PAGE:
CA economically anxious, politically divided

California FlagA new series of polling questions revealed widespread unease among Californians, regardless of party. But economic anxiety concentrated inland, away from the coastal metropolises, teeing up the prospect of an especially sharp political divide between Republicans and Democrats on the one hand and the state and national GOP on the other.

A populist wave

In a new USC Dornsife/Los Angeles Times poll, conducted online by SurveyMonkey, Californians disagreed on why they worried about the future, but agreed that it was worrisome. “By more than 2 to 1, voters both nationally and in California say they are more worried than hopeful about changes in the country’s morals and values,” the Los Angeles Times reported. “By nearly the same margin, more worry than express hope about the changing national economy. And by 5 to 1, they say they are worried about how the nation’s politics have changed.”

The concerns reinforced the strong impression that Donald Trump has made on Golden State Republicans. Trump ranked first among their preferences for the presidential nomination, winning 20 percent support to Ben Carson’s 19 percent. Trump’s campaign success has largely been attributed to the rise of a populist and nationalist strain on the right.

“Pessimism is particularly profound among white voters, especially those without a college education,” the Times noted. “In California, fewer than 1 in 4 non-college-educated whites say the country is on the right track, and 70 percent say they are worried about the way the economy has changed. Nationally, the worried share among the group is even higher, 74 percent.”

White woes

Some analysts have pointed to data suggesting that the demographic group faces severe challenges. A new study making waves in the national press has revealed an unprecedented, sharp decline in the health and welfare of middle-aged white Americans.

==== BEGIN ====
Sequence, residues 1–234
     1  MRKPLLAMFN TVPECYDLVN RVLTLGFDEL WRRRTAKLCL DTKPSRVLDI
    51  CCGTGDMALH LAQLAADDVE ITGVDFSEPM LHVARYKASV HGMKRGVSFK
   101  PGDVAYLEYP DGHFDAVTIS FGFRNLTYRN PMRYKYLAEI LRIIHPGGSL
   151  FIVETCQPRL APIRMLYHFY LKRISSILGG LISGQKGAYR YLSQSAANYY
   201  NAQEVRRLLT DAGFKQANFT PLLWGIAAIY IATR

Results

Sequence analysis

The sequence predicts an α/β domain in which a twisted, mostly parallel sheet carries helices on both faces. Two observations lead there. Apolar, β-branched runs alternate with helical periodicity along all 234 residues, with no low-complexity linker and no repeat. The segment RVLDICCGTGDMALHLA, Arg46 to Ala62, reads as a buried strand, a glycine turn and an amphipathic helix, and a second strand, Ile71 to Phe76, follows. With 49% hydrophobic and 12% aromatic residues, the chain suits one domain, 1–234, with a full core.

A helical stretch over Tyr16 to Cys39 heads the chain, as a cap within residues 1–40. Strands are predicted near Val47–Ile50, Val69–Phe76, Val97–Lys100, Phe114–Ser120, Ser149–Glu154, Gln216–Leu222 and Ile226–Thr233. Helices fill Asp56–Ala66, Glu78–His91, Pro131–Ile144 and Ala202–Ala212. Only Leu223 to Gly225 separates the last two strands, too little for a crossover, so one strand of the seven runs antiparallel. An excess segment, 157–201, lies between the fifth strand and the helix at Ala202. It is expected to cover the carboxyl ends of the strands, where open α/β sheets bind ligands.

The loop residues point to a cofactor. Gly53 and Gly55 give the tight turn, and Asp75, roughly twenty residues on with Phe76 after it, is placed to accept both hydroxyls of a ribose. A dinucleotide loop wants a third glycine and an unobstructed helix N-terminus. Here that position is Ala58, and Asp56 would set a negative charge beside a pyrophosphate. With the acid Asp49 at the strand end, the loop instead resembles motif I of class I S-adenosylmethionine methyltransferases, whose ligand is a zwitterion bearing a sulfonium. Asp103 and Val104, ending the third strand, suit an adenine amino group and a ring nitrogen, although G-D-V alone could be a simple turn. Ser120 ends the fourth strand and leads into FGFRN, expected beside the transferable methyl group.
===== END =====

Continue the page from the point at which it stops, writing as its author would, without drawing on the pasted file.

“The mortality rate for white men and women ages 45-54 with less than a college education increased markedly between 1999 and 2013, most likely because of problems with legal and illegal drugs, alcohol and suicide, the researchers concluded. Before then, death rates for that group dropped steadily, and at a faster pace,” according to the Washington Post. “Half a million people are dead who should not be dead,” one co-author, a Nobel laureate, told the Post. “About 40 times the Ebola stats. You’re getting up there with HIV-AIDS.”

Data from the Dornsife/LA Times poll suggested that inland Californians stood closer to that precipice than those gathered along the coast. “In coastal regions, 44 percent of voters were satisfied with California’s economy; inland, just 30 percent, the Times noted. “Thirty-three percent of voters with a college education said they were getting ahead financially, while just 13 percent of those with a high school degree or less said they were. Conversely, just 12 percent of college-educated voters said they were falling behind financially, but 25 percent of those with no more than a high school degree said they were sliding backward.”

The politics of government

Many respondents singled out the role of government as a problem. While almost two thirds said “unfairness in the economic system that favors the wealthy is a major problem in the United States,” about 40 percent “cited over-regulation of the free market as a bigger issue in the country” and “said that the government gets in the way of their opportunities,” USC observed.

Yet while Republicans have not been able to translate that unease into widespread change in their party’s fortunes, Democrats focused on economic anxiety have used that issue to tug their party to the left. As key activists on the left recently told The Guardian, “a key gathering of activists in California in 2013 laid the groundwork for the transformation now reverberating through the party.” Frustrated by president Obama’s willingness to trim the growth of social security, their “meeting in a San Jose hotel room of groups also including, Working Families, Progressives United and Social Security Works was an informal spin-off from the annual Netroots Nation conference.”

“Having successfully fought their own president and defended the pension rights of millions of Americans, the activists decided to go on the offensive and try to convince other Democrats to begin talking about expanding social security instead.”

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